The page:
Tuesday’s election results elsewhere in the state — the removal from office of Chesa Boudin, San Francisco’s progressive chief attorney, and a strong performance by Rick Caruso, a mega-developer and former Republican, in the Los Angeles mayoral race — have some national Democrats worried before the most liberal of California, bastions have turned to the right.
The result is a state deeply insecure like the country as a whole, and an election where conventional political wisdom meets an unpredictably volatile national sentiment.
In 2018, the state was a mainline for Democrats, who flipped seven districts, a sizeable chunk of the 23 pickups they needed to win the House. (The party far exceeded that goal, winning a total of 41 seats.) Two years later, the GOP recaptured four seats, about a third of its national net gain.
Now these four GOP incumbents are gearing up for re-election campaigns.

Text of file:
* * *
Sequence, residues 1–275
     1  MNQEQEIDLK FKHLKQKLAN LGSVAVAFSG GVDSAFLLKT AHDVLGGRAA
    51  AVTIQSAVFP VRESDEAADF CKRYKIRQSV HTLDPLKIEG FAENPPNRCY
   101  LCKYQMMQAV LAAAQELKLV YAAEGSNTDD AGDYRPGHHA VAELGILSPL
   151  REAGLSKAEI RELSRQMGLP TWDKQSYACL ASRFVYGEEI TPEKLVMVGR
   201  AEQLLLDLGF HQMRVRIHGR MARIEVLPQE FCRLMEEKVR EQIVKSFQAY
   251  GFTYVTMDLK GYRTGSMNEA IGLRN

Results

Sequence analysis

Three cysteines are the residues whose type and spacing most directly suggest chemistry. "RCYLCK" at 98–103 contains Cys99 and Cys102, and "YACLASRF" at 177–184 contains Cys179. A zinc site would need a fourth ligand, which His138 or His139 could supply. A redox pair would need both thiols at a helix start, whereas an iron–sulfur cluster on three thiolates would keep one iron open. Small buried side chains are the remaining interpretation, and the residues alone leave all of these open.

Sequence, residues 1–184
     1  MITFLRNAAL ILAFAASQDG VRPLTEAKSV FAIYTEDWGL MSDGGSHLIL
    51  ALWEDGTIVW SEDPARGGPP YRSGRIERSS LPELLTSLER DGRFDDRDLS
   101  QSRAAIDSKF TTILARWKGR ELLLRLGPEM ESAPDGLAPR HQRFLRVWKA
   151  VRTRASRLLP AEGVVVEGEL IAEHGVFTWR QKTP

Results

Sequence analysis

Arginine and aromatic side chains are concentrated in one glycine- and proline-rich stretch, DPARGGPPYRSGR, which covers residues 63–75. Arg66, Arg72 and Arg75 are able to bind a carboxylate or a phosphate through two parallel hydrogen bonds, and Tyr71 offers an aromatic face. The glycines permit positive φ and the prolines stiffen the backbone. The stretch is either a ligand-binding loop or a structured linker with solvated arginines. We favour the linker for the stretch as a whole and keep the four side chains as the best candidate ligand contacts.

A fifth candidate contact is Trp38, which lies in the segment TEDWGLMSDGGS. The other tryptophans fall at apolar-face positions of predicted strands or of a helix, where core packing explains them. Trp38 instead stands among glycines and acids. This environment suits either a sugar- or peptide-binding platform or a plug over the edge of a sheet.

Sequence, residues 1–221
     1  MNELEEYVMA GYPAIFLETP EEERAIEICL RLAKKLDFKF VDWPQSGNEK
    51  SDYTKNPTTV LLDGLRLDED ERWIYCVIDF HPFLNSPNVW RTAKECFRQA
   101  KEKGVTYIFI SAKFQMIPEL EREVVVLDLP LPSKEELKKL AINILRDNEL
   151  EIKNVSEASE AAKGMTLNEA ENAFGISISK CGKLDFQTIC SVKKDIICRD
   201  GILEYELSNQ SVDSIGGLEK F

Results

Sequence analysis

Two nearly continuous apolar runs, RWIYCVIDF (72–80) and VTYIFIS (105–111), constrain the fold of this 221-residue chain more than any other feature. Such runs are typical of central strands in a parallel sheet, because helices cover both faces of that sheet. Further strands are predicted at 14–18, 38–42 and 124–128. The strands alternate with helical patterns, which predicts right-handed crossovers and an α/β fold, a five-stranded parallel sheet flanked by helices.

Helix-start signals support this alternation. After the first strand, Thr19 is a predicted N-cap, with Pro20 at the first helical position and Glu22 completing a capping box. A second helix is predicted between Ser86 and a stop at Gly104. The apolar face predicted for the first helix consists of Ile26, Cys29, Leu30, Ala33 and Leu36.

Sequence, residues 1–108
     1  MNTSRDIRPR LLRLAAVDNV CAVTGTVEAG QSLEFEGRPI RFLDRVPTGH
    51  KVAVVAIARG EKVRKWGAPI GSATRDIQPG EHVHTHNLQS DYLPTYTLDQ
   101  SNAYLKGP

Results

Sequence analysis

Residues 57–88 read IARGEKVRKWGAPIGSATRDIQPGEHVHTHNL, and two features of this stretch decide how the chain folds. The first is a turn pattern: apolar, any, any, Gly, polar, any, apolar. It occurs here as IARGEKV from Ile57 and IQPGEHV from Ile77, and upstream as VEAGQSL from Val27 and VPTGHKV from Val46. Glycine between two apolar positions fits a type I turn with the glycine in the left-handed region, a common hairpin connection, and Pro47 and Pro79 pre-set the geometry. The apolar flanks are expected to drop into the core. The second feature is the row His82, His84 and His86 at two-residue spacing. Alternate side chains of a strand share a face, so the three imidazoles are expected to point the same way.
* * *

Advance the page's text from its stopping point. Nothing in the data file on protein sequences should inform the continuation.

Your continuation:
In northern Los Angeles County, GOP Rep. Mike Garcia is facing a rematch with Democrat Christy Smith, a former congressman, after clinching a 333-vote win over her in 2020. (He also defeated her in a special election earlier this year.)
Republican Rep. David Valadao of Hanford is scrambling to fend off two challengers to his right in an undeclared primary. As he advances to the general election in his blue-tinted Central Valley district, He is counting on voters outside his party to fend off a challenge from Democratic Rep. Rudy Salas.
Rep. Michelle Steel, a first-term Republican congresswoman, takes on Democratic challenger Jay Chen in a district focused on Asian-American communities like Westminster and Artesia, testing both parties’ appeal for this hotly contested voting bloc.
A race further inland in Orange County has not yet been declared. Incumbent MP Young Kim spent millions removing an unexpected primary scare from an underfunded opponent; So far the results show that she is ready to meet Asif Mahmood, a Democrat and doctor, in the general election.